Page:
Why am I Addicted to Food?

Kara Bauer Health Guide
  • Do you find that you obsess about certain foods, regularly overeat sometimes to the point of feeling sick, constantly yo-yo diet, believe that food negatively impacts your relationships, work or participation in social situations? If so, these are just a few of the signs that you may have a food addiction. Although everyone experiences cravings (estimated at 100% of women and 70% of men in a given year[1]), food addiction that mirrors other types of addictions can be very detrimental to one’s physical and mental health. Although emotional eating plays a role in obsessive eating patterns, a topic for another post, there appears to be a biological reason for food cravings that can be halted with some key dietary changes that don’t involve willpower and calorie restriction, but rather a new understanding and approach to food.

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    Cravings to a specific food almost always fall into 3 categories, sweet, salty or fatty. Unfortunately, the very foods we crave are usually the cause of the problem in the first place. Researchers have discovered that the same parts of the brain involved in drug addiction (hippocampus, insula and caudate) are activated with food cravings. Additionally sugar, likely the most addictive substance on the planet, triggers the production of the brain’s natural opioids causing the body to have an addiction to its own opioid production and activating the desire for more sugar.[1] One particularly noteworthy study found that cocaine addicted mice actually chose sugar water over cocaine when available.[2] This infers that sugar could potentially be more addictive than a drug addiction. In order to overcome food addiction, it’s important to understand the key players in the body and how the foods we eat impact their function.

     

    Leptin

    Leptin is the hormone produced by fat cells. It is responsible for letting us know when we’re hungry, we’ve eaten enough, our bodies need to burn more fat, and/or reduce fat storage. Each of us has a particular threshold of leptin that the body needs for normal functioning. However, the development of leptin resistance, indicating that the body does not recognize that it is “full”, can trigger overeating and contribute to obesity. Low leptin levels and resistance, like insulin resistance, generally occur from the overconsumption of sugar and grains.[1] The leptin hormone gets overworked storing the excess sugar as fat and eventually the body doesn’t respond to it properly. This can also occur in yo-yo dieters as a result of the “starvation” mode. Less leptin gets produced as fat cells lose fat, triggering hunger even more strongly, but disrupting the brain’s ability to interpret leptin’s signals correctly when eating resumes.[3]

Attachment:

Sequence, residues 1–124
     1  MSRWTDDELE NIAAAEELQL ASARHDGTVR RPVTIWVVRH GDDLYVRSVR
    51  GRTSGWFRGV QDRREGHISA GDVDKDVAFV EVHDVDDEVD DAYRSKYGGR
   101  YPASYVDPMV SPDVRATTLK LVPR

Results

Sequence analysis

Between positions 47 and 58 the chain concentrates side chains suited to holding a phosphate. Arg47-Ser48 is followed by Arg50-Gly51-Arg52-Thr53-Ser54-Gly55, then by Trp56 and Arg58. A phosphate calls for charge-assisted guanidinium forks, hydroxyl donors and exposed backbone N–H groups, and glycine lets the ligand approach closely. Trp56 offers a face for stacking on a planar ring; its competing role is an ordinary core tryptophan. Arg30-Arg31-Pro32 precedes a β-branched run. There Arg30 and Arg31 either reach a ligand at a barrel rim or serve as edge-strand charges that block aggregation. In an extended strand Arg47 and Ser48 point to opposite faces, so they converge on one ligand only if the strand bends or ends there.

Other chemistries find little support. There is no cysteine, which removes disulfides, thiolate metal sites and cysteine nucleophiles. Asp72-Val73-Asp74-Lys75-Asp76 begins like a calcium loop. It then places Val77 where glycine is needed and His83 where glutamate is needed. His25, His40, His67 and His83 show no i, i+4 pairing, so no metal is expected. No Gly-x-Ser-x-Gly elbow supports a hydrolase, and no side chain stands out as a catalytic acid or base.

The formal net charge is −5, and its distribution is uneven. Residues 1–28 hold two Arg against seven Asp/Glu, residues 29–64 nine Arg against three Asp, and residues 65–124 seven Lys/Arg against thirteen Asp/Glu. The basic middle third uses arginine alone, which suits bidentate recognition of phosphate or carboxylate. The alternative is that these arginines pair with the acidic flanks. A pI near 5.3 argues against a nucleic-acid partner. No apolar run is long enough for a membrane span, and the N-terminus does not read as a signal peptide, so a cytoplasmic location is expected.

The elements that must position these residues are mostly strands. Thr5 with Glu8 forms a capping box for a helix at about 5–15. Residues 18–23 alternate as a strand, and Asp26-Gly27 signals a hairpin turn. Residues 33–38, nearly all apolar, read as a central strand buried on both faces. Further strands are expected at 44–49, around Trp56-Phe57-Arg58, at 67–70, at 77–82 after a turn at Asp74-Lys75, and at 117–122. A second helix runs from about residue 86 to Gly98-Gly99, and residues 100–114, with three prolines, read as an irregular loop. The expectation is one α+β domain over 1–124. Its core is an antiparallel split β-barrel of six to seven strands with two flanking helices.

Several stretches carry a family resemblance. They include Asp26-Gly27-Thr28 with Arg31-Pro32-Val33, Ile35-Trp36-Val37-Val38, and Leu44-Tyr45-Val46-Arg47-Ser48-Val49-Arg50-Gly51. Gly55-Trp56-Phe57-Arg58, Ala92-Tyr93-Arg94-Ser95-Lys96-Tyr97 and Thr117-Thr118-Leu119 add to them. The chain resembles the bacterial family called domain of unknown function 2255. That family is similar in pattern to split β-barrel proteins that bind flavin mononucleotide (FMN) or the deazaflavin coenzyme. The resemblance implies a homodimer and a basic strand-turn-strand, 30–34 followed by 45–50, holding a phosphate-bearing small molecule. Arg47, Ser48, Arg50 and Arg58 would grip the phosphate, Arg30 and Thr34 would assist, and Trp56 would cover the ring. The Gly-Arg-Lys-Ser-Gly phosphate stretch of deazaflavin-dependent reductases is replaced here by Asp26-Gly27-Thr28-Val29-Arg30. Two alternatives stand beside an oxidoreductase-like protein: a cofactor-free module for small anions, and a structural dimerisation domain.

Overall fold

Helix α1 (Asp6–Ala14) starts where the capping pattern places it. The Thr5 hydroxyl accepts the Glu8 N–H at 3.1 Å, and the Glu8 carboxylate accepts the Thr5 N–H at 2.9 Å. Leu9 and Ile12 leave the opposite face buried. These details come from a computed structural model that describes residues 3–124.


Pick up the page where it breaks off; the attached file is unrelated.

Insulin

    Insulin is the hormone in charge of regulating blood sugar. When blood sugar surges, which is often the case following a meal high in carbohydrates, insulin is released to lower the blood glucose level. This often signals hunger within just a few hours after the previous meal, increasing cravings for sugar related foods. Additionally, when excess carbohydrates are not needed for energy they are then stored as fat. Instead of using fat for energy, you end up using only carbohydrates and the fat stays in the body. This creates a viscous cycle of sugar cravings and weight gain.

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    Dopamine

    Dopamine is the neurotransmitter in charge of the body’s reward and pleasure centers. Studies have connected high dopamine levels to addictive behavior.[4] In these cases the reward signals for the highly desired foods overpower the signals of satiation. One study showed that extracts from wheat and potatoes contain pharmacologically active benzodiazepines, the main chemical in the drugs Xanax and Valium.[5] These drugs tend to cause dopamine spikes, leading to addiction. This could infer that a similar mechanism takes place with high consumption of these food groups.

     

    In general food addictions can be more difficult to stop than other addictions primarily because we have to eat food to survive. However, by taking the following actions, you can greatly improve your ability to overcome food cravings.

     

    1. Cut down or eliminate grains, sugars, potatoes and processed foods. Be particularly weary of the food industry’s objectives to sell food, avoiding anything high in sugar, salt and fat in processed form. Replace simple carbohydrates with high quality, whole food sources of vegetable carbohydrates, protein and fat.
    2. Avoid MSG and other addictive food chemicals added to packaged foods and some restaurant meals (such as Chinese food).
    3. Exercise regularly to raise insulin levels and decrease cravings.
    4. Consult a therapist or coach to identify and overcome emotional triggers.

    [1] Mercola, J. (2011, February 25). Can't beat food cravings? four steps to help you kick your addictions. Retrieved from http://articles.mercola.com/sites/articles/archive/2011/02/25/cant-beat-food-cravings-four-steps-to-help-you-kick-your-addictions.aspx

     

    [2] (n.d.) Retrieved from http://consciouslifenews.com/dr-mercola-deconstructs-extraordinary-science-addictive-junk-food/1152349/

     

    [3] (n.d.) Retrieved from http://www.webmd.com/diet/features/the-facts-on-leptin-faq?page=2

     

    [4] (2012, April 19) Retrieved from http://www.drugabuse.gov/news-events/nida-notes/2012/04/well-known-mechanism-underlies-benzodiazepines-addictive-properties

     

    [5] Pubmed.gov "Occurrence of pharmacologically active benzodiazepines in trace amounts in wheat and potato," Wildmann, J. et. al. Biochemical pharmocology, October 1988: 37(19):3549-59. http://www.ncbi.nlm.nih.gov/pubmed/3178869

Published On: April 02, 2013